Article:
Thames Valley Police's major crime review team's principal investigator, Peter Beirne, said: "In relation to Shani's family I'd like to thank them for their support, thank them for their patience.

"I'm sorry that it took so long to bring Robertson before the court, but we've only been able to do that as a result of advancements in forensic science. It was not as a result of any lack of effort on behalf of the police.

"It was just that unfortunately, at that time, there was not the evidence to enable us to charge Robertson."

Ms Warren became known as 'the lady in the lake'
Ms Warren became known as 'the lady in the lake'. Picture: Alamy

Mr Beirne branded Robertson an "evil and dangerous" man and a "predator" who had attacked women and girls "throughout his adult life", subjecting them to "the most horrendous acts".

He said Robertson's failure to attend his trial "speaks volumes" to his character, labelling him "a coward, (who) wasn't prepared to stand up and answer to the charges which were put before him".

He praised the victim of the rape for her "strength of character" in going to court to give evidence during the trial.

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He said: "I'd like to thank her for her bravery and courage in coming forward when we spoke to her, having to go through the ordeal of giving evidence before a crown court and also having to relive that horrific event which took place all those years ago."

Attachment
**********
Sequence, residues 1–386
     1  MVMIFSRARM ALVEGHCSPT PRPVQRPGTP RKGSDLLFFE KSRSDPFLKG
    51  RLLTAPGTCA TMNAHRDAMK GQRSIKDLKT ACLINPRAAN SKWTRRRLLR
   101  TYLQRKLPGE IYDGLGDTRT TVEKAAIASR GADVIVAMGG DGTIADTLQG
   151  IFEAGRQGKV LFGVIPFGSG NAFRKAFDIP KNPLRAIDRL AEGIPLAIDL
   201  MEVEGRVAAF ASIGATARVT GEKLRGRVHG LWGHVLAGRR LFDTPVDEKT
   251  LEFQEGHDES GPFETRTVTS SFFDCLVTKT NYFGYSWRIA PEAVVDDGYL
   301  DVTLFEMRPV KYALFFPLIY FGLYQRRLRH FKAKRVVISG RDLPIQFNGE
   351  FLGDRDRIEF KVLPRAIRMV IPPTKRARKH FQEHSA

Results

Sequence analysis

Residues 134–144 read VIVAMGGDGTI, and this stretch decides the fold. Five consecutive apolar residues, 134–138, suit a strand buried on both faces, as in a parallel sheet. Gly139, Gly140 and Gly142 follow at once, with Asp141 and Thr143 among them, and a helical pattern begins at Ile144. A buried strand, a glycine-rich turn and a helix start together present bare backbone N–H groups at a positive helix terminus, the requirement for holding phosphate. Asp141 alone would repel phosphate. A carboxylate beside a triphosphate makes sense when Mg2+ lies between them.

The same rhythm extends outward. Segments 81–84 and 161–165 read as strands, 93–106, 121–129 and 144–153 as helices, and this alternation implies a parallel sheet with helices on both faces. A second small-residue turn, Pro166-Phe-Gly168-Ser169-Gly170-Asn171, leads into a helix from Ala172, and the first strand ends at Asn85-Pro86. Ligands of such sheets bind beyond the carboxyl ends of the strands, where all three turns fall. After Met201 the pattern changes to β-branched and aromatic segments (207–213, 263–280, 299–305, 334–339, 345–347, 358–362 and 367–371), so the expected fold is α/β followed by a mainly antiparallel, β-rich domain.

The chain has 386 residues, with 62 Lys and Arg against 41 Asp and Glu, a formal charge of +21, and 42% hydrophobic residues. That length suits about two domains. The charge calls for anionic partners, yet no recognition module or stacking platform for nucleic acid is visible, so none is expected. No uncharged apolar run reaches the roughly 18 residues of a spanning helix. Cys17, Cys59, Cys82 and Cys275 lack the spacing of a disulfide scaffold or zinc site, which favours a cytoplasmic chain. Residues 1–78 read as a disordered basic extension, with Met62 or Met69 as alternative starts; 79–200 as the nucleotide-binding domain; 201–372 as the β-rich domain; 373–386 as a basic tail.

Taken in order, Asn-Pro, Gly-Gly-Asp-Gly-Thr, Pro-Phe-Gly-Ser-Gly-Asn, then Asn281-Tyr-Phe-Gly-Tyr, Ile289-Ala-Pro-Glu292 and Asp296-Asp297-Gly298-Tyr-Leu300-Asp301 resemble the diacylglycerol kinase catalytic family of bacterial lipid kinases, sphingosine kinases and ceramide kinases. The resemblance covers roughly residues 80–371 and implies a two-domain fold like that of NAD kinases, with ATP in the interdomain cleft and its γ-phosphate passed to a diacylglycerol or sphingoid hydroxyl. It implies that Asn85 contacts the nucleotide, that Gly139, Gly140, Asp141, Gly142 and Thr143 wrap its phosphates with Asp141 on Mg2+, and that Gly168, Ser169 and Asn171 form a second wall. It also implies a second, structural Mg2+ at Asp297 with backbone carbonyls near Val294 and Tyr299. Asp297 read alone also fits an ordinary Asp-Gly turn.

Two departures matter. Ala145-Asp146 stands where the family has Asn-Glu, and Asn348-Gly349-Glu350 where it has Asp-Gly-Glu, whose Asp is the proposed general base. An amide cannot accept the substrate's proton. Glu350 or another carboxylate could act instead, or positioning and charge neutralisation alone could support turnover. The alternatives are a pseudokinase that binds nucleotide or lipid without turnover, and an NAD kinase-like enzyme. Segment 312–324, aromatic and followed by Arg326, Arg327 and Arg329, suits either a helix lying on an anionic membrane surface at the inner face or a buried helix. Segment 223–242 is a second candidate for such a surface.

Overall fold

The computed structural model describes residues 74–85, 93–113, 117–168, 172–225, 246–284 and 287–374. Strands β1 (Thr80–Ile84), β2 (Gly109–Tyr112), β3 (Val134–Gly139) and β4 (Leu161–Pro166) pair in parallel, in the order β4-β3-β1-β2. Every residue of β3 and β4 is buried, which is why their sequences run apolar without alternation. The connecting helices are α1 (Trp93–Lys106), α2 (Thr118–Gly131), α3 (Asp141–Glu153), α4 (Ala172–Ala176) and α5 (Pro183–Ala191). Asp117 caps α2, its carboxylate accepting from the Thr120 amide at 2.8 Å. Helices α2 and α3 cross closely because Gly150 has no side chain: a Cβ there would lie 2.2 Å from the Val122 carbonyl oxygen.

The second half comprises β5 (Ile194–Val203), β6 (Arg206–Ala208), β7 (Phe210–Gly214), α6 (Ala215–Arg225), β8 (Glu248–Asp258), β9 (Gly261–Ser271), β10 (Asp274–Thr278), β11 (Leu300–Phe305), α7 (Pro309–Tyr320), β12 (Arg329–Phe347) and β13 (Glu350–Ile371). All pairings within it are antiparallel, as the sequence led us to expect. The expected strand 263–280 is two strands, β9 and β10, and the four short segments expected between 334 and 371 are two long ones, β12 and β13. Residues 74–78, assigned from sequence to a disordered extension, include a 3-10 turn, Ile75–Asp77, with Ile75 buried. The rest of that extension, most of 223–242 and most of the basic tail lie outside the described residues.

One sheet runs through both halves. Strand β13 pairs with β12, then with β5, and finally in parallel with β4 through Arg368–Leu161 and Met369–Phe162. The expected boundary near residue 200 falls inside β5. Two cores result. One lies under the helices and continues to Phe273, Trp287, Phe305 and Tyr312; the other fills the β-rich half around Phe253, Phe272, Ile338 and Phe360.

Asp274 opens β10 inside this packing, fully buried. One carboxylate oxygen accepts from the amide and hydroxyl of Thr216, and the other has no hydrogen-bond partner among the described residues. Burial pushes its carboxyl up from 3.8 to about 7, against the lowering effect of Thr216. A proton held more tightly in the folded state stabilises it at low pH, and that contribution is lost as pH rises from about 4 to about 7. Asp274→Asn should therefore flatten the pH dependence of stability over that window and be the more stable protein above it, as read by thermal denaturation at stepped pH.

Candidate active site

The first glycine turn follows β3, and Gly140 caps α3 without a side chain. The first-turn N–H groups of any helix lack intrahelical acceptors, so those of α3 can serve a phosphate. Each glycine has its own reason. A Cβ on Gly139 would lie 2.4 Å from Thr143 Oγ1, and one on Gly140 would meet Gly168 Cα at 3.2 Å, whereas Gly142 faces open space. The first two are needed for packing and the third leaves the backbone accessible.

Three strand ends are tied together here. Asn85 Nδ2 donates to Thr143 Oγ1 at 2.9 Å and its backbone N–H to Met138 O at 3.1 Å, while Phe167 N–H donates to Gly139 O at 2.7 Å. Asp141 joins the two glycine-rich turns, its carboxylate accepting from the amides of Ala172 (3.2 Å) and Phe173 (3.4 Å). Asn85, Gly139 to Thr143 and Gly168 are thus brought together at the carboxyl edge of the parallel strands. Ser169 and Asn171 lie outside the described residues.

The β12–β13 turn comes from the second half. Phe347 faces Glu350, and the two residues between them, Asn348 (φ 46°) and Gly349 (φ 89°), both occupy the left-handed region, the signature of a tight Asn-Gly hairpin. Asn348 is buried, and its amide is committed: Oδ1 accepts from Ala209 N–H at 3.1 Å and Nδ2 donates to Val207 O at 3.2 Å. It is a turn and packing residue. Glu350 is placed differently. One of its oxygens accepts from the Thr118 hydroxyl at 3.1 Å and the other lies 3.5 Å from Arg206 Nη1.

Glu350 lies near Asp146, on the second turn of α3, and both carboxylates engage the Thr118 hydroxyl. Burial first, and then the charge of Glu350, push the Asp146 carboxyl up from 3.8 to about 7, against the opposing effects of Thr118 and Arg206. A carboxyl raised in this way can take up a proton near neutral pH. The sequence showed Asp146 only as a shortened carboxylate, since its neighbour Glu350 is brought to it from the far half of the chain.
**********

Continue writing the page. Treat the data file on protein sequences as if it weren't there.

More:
Robertson did not give evidence in his defence, and his lawyer called no witnesses but claimed another convicted rapist guilty of crimes around that time involving tying women up and attacking them could have been the culprit.

He also referred to evidence from a pathologist at the time of Ms Warren's death stating she could have tied her own wrists and ankles, making it a suicide, and argued that even if a third party was involved, the possibility of someone falling into the water after having been tied up and assaulted, could not be ruled out.

But the prosecution said Ms Warren had not been suicidal and the jury took just seven hours and 18 minutes to convict Robertson of murder alongside the other charges against him.

Senior Crown Prosecutor Robbie Weber, of the Crown Prosecution Service, hailed advances in forensic science leading to "new compelling DNA evidence clearly linking Robertson to both crimes".

He added: "This evidence underpinned the case that we presented at trial which has today resulted in guilty verdicts."

Mr Justice Wall, presiding over the trial, told jurors he needed to consider whether "to recommend he (Robertson) is never released" from prison and thanked them for deliberating on such a "difficult and traumatic" case.

Robertson will be sentenced at the same court on Thursday afternoon.